The Appellate Authority in its order concluded that since the respondent wilfully suppressed the true facts at the time of filling in the Verification Roll, the termination order recorded by the Commandant is held to be fully justified and in conformity with the existing rules and instructions on the subject.

9.     On an independent scrutiny of the relevant documents on record as discussed above, we are of the considered view that the order of termination of the respondent recorded by the competent authority is innocuous on its face and purports to be an order of discharge in accordance with the terms and conditions of the appointment of a temporary Government servant. Such termination is neither punitive nor stigmatic in nature, nor it is, in any event, actuated with any motive. The language of the order clearly and plainly shows that it is termination simplicitor, rightly based under Rule 5 (1) of CCS (Temporary Services) Rules, 1965 during the period when the respondent was a temporary employee of CRPF and it does not cast any stigma to the conduct of the respondent. Thus, the 9 finding of the High Court that the order of termination of services of the respondent will cast stigma and could not have been recorded unless the respondent is proceeded in the regular departmental proceedings for the alleged misconduct, in our considered view, cannot be sustained. The decisions relied upon by the High Court in support of its order are not applicable in the facts and circumstances of the case in hand.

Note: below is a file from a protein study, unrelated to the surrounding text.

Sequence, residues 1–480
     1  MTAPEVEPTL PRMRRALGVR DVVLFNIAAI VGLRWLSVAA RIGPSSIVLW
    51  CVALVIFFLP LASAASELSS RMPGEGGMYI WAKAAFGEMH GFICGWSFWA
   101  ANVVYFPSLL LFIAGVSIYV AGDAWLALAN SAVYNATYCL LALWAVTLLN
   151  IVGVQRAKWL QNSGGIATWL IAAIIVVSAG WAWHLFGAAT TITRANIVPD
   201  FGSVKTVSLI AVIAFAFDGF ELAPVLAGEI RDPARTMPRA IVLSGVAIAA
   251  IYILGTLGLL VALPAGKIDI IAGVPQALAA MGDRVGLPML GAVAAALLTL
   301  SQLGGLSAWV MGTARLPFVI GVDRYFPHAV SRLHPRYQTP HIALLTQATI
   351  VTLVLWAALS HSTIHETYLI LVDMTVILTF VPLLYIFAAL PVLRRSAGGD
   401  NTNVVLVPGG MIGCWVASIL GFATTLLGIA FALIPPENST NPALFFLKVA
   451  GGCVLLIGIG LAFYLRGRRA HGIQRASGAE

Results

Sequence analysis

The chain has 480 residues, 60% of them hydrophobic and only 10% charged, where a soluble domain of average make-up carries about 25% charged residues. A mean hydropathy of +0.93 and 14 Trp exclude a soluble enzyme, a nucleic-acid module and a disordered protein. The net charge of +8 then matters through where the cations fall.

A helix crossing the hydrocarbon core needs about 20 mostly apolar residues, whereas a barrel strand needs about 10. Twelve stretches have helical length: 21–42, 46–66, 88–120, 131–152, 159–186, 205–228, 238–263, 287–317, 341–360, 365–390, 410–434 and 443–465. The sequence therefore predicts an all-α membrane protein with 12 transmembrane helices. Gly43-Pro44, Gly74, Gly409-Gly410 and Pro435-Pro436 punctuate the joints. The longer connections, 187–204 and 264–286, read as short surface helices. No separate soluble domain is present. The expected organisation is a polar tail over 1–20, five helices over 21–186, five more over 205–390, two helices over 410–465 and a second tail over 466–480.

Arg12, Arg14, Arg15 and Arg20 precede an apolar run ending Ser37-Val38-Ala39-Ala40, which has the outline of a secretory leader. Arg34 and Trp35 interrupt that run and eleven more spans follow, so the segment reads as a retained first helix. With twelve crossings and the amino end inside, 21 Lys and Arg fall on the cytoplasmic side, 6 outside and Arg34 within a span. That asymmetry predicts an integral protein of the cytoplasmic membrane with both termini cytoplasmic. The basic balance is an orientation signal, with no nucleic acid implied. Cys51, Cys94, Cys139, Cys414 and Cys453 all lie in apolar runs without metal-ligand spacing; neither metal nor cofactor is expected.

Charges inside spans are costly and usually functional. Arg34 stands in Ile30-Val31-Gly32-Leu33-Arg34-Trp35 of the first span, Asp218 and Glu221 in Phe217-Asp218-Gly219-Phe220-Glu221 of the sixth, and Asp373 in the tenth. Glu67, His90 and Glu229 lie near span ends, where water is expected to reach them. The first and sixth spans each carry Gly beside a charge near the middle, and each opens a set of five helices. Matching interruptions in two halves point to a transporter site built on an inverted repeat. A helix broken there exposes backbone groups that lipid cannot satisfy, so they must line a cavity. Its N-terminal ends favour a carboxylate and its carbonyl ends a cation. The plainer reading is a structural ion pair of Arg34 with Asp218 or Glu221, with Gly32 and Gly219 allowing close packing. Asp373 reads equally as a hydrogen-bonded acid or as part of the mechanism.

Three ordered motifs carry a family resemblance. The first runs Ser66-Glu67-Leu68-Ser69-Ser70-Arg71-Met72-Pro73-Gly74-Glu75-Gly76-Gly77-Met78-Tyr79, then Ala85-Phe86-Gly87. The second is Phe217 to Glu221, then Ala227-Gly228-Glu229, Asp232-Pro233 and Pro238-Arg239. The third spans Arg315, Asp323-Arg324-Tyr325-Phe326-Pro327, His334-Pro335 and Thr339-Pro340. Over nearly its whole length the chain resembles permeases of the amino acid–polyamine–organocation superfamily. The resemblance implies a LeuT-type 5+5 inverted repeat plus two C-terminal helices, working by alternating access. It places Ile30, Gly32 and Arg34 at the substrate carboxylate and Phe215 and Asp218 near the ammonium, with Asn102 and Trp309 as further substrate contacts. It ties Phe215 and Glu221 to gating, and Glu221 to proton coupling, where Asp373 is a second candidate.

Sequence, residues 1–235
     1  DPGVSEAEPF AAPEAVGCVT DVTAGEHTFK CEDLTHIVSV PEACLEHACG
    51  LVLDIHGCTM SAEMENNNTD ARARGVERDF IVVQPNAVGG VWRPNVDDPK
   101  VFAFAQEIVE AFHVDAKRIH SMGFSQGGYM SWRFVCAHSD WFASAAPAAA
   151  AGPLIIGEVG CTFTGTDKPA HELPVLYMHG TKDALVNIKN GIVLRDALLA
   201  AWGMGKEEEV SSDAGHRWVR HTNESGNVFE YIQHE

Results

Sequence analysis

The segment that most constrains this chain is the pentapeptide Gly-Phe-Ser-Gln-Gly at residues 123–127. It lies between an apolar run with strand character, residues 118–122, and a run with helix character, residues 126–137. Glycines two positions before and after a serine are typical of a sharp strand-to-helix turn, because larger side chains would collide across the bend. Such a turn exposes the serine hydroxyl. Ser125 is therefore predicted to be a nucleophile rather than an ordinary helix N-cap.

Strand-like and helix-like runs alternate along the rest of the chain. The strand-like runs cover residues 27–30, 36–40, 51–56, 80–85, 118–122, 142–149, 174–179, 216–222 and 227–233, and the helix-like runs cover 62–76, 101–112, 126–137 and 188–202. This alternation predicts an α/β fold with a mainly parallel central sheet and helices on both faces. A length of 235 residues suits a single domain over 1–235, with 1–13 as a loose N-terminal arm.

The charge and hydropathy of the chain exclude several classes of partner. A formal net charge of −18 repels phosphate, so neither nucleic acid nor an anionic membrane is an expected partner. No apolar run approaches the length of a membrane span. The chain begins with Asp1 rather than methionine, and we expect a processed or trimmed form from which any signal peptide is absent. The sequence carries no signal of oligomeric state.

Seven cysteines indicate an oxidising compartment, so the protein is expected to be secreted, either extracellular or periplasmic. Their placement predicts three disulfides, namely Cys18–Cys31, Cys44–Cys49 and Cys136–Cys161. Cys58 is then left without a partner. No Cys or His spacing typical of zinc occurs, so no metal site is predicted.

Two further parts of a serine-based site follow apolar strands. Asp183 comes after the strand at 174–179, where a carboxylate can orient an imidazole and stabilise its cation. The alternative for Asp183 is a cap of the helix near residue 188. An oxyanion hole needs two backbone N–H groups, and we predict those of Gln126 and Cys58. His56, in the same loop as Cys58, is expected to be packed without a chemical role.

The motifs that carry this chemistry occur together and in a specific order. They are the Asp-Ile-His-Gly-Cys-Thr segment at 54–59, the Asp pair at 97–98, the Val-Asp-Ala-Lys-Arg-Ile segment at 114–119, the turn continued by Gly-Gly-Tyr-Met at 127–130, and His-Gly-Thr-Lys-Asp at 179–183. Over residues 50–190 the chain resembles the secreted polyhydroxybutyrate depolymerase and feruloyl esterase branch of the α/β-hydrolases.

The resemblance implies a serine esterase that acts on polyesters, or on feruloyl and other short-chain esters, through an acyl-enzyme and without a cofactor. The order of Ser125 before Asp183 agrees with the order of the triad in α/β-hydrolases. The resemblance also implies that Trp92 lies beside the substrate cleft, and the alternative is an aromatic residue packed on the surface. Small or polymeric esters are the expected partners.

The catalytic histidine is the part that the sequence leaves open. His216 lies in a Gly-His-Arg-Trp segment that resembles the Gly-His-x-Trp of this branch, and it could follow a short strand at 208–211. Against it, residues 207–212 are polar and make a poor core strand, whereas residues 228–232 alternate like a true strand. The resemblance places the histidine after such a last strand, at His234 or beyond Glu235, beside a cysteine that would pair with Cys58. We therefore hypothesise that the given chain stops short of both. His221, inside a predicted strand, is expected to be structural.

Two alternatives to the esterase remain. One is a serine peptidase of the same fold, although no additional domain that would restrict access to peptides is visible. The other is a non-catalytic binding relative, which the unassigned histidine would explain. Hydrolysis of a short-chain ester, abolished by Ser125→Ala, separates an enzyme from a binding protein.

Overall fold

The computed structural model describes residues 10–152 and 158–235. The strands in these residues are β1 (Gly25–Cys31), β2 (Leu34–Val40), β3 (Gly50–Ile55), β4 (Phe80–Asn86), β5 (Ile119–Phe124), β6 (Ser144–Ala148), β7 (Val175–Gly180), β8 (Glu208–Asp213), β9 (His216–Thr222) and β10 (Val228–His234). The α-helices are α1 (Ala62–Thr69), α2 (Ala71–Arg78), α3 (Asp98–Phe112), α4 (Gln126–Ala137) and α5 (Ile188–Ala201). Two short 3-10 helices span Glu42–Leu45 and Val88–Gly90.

10.  In the result, for the aforesaid reasons, the judgment and order of the High Court dated 23.03.2005 passed by the Division Bench in Writ Appeal No. 88/2002 upholding the judgment and order of the learned Single Judge dated 01.08.2001 in Civil Rule No. 139/1996 is quashed and set aside. The appeal is accordingly allowed with no order as to costs.

........................................J. (R. V. Raveendran)

........................................J. (Lokeshwar Singh Panta)

New Delhi,

October 15, 2008.